In part 1, which you should read first, we discussed how the US has crossed a milestone where fewer than 50% of the taxpayers in this country pay about 100% of the personal income taxes. We also discussed how the recent tax cuts actually shifted personal income tax burden more onto the rich, rather than less.
However, John Kerry has cited the same CBO Report I used to make the points in the previous post to say just the opposite - i.e. that the recent tax cuts actually shifted the tax burden away from the rich to the middle class. Assuming he is reading the study correctly (which he is) how can this be?
The answer is in the difference between Federal income taxes and total federal taxes. The tables I used in part 1 were for income taxes only. It strikes me as reasonable to use income tax numbers for analyzing income tax changes. The total tax numbers Kerry uses includes not only income taxes but social security and Medicare taxes (including the employer contribution), federal excise taxes (such as the gasoline tax) and the corporate income tax. Lets look at who bears the brunt of these taxes.
1. Social security taxes are regressive. Very regressive. While your paycheck may show 6.2% FICA, the bill is really 12.4% because your employer matches this payment with funds they probably would otherwise pay you in wages. What makes this tax regressive is that it is a straight 12.4% of every dollar up to a limit, currently $87,900, after which the tax is zero. This kind of profile would never be tolerated in the income tax system. The reason for this is the carryover of the original idea that social security is not a tax and social benefit program but an insurance and retirement plan, a characterization that is becoming increasingly out of whack from reality. (If it was a private retirement plan, the managers would all be in jail right now for the terrible long term returns it pays out).
2. Gas and excise taxes are generally considered regressive as well, since gasoline is probably a much higher percentage of lower and middle class spending than for the rich (those rich who own Hummer H2's notwithstanding).
3. Its harder to pinpoint who pays corporate income taxes. The CBO report allocates corporate income taxes in proportion to dividends reported on income tax statements, which seems reasonable. Fifty years ago, one would have said that this meant the rich pay it, since we pictured the rich as owning all the stock. Today, in our mutual fund world, a lot is probably born by the middle class, particularly middle class retirees.
As a result, the sum of these non-income taxes are probably net regressive - i.e. they disproportionately hit the lower and middle classes. This means that an income neutral income tax cut, i.e. one that does not shift the tax burden but lowers it proportionately for everyone, will still shift the total tax burden to the middle class, because it reduces the amount paid in the progressive system (e.g. income taxes) in proportion to the amount paid in the regressive system (e.g. social security).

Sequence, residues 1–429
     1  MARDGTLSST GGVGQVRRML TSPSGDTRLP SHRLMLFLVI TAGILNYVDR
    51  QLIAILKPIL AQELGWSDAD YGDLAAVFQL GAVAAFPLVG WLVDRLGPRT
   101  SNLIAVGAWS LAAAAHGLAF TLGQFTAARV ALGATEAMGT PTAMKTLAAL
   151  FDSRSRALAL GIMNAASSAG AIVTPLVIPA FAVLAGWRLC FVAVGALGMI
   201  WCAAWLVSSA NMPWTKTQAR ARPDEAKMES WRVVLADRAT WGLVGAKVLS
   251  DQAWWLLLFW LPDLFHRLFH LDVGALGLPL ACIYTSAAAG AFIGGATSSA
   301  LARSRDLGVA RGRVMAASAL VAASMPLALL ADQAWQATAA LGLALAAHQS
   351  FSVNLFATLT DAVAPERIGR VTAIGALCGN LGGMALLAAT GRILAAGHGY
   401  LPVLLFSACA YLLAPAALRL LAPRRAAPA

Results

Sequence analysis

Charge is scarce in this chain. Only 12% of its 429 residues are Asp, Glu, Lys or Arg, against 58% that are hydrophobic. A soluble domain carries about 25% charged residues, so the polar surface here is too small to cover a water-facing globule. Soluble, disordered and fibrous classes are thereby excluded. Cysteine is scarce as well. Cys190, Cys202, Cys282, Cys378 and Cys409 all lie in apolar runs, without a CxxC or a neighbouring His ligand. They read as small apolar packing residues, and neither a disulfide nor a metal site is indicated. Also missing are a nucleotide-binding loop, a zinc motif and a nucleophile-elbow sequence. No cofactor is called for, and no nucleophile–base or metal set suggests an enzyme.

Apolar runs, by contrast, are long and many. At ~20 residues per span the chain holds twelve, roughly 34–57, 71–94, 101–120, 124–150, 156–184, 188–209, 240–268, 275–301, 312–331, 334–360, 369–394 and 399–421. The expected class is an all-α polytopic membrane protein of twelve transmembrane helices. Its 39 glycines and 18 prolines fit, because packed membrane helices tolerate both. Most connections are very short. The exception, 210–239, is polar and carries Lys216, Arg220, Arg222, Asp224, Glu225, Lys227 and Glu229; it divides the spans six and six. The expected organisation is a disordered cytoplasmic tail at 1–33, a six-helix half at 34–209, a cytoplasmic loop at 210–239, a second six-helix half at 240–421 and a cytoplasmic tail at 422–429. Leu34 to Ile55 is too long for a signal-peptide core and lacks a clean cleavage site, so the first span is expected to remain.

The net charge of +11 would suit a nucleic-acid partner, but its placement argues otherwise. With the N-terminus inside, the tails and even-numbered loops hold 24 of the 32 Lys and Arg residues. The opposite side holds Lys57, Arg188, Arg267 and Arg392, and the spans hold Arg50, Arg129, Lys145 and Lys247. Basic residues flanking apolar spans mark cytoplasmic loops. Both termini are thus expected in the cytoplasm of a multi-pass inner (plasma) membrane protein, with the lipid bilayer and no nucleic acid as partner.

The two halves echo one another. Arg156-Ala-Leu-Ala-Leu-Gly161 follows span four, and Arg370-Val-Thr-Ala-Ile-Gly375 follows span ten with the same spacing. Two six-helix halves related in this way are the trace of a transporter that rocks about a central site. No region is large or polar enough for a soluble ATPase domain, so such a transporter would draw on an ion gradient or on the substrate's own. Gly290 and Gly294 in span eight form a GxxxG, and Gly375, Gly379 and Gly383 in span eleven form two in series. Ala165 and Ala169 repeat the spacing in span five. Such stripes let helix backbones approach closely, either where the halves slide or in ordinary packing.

This leads me to a couple of thoughts. First, I think while he is quoting correct stats, Kerry is using the data a bit disingenuously. First, it implies to people that the middle class is paying more so the rich can pay less, which is untrue - everyone is paying less. Second, he is trying to use the data to show that personal income tax burden is shifting to the middle class, which we showed in post 1 that it is not - it is actually going the other way. Third, he uses it to justify a tax increase (or a tax cut rollback) on the richest Americans. We showed that already the Bush tax cuts shifted more of an already ridiculously high burden to the rich. This will shift even more.
However, there is a point here if Kerry wanted to latch on to it. Forget the class rhetoric about the income tax system - focus instead on social security. There are two good reasons for this: 1) Social Security is broken, and the financial reckoning is coming 2) unlike the income tax system, social security is truly indefensibly regressive. Yes, you can dig through Kerry's web site and find something on this, but he is for some reason so drawn to the income tax issue he never really hits it hard.
If John Kerry really wants to take up a populist tax banner, leave income taxes as they are (for all the fiscal deficit crisis talk, an economic recovery plus fewer new military invasions will bring the deficit back in line without tax increases). He should instead propose a reduction in the 12.4% FICA tax rate and then an elimination of the $87,900 wage cap. To make this palatable to Congressional Republicans (and me, if I were voting) it should be tied to a package of other reforms such as allowing some investment choice by individuals.
Of course, this is not going to happen. Politicians have used Social Security scare tactics with retired and older people so often that these folks have come to react negatively to any hint of change to Social Security. Reasonable discussion about the future of Social Security is just not possible in the last five weeks of an election, particularly with Florida in play.